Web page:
Two Utah State University researchers were recently recognized by the Journal of Marital and Family Therapy, one of the most influential peer-reviewed journals in their field.
Kay Bradford was a contributing author to the journal’s Article of the Year, which took a new perspective on not only what factors contribute to success in therapy, but also how those factors interact. “The Therapeutic Pyramid: A Common Factors Synthesis of Techniques, Alliance and Way of Being” showed real promise for advancing the field, according to reviewer comments.
“Some years ago, my friends and I were talking about our experiences as directors of marriage and family therapy programs at our respective universities,” Bradford said. “Being in the business of training — and doing research about training — family therapists, we discussed ‘what is it about the best therapists that makes them good?’ We each had our opinions, but we agreed that some ‘active ingredients’ at the core of good therapy include a strong, safe relationship and a good person. The person (who and how the therapist is with others generally) not only matters, but it ties into important aspects of training and therapy outcomes. … From that conversation, an article started taking form.”
Megan Oka was named Emerging Scholar of the Year, based on an article offering a new perspective on domestic violence and nonviolent aggression. Oka was the lead author of a paper arguing that violent offenders are not demons — and that many people use the wrong means to get a romantic partner’s attention.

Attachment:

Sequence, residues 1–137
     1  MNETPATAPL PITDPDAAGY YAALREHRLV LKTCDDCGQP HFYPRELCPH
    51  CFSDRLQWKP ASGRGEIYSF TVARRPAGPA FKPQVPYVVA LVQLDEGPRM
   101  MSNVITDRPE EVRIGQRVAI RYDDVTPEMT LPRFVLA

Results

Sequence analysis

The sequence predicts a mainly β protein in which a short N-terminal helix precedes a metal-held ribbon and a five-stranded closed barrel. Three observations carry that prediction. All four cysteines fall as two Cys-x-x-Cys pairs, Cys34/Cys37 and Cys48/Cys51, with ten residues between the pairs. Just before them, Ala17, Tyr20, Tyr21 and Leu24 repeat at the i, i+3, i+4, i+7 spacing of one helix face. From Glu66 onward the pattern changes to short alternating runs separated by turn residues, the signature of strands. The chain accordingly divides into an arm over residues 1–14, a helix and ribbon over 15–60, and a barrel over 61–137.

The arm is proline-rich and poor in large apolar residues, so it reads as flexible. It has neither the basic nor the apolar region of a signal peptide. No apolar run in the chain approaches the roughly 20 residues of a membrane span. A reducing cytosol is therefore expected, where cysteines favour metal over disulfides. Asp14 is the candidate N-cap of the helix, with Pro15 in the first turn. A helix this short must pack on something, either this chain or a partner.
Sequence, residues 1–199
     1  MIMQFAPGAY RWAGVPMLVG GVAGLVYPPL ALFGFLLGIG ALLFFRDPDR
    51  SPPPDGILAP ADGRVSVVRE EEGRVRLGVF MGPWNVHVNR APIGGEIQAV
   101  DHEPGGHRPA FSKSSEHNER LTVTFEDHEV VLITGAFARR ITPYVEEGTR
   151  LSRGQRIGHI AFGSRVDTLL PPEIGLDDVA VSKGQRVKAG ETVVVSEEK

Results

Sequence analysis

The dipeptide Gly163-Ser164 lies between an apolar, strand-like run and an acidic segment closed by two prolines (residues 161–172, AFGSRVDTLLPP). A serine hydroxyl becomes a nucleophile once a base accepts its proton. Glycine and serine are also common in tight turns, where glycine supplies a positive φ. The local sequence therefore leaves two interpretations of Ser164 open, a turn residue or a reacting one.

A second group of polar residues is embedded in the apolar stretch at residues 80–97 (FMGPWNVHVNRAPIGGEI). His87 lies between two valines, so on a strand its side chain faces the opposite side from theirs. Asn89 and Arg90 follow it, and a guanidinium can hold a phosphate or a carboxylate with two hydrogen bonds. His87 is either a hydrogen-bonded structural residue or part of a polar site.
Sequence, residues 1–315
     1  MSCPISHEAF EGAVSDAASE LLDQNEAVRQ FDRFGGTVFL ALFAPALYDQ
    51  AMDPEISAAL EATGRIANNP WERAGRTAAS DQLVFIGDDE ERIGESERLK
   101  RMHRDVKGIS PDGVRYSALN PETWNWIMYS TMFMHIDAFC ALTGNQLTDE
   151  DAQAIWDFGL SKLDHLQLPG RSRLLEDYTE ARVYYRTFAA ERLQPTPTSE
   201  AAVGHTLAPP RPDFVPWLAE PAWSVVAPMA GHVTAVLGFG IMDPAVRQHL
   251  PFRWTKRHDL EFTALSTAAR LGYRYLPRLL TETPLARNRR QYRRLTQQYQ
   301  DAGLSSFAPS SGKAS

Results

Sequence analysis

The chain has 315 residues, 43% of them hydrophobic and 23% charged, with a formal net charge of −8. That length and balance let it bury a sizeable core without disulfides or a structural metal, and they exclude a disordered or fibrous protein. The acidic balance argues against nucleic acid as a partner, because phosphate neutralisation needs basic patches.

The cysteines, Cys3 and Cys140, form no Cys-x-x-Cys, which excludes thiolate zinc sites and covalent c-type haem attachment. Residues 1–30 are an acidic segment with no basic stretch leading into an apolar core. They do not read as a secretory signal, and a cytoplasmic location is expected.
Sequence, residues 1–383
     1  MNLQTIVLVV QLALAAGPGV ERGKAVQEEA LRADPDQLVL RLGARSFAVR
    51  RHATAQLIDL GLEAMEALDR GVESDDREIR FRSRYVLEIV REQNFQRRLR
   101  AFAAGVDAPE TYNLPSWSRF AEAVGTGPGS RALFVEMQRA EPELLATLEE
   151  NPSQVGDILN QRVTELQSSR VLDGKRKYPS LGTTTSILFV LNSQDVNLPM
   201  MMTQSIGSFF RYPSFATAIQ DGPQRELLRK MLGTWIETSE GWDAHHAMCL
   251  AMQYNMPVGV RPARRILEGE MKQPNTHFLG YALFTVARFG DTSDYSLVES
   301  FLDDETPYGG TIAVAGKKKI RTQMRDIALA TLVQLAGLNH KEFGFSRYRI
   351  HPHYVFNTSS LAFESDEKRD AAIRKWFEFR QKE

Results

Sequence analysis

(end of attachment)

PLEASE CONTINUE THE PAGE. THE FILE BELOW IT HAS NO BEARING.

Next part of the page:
“We tend to think of this domestic violence as being very separate from us,” she said, “as if there are people who hit their partners and children, and then there are the rest of us. …
“When a person does not feel secure in his or her relationship with a partner, he or she acts out in various ways, including violence. … Or in the case of my research, sometimes it is emotional or psychological aggression that people use to try to get their partners to respond to them.”
Her article is entitled “Insecure Attachment Behavior and Partner Violence: Incorporating Couple Perceptions of Insecure Attachment and Relational Aggression.”
Both Bradford and Oka are faculty members in the Family, Consumer, and Human Development Department within the Emma Eccles Jones College of Education and Human Services at Utah State.
- Research offers a fresh perspective on domestic violence
- “Article of the Year” recommends a new approach to marriage and family therapy
- USU Department of Family, Consumer and Human Development
- USU Emma Eccles Jones College of Education and Human Services
Contact: Megan Oka, email@example.com
Contact: Kay Bradford. firstname.lastname@example.org
Writer: JoLynne Lyon, 435-797-1463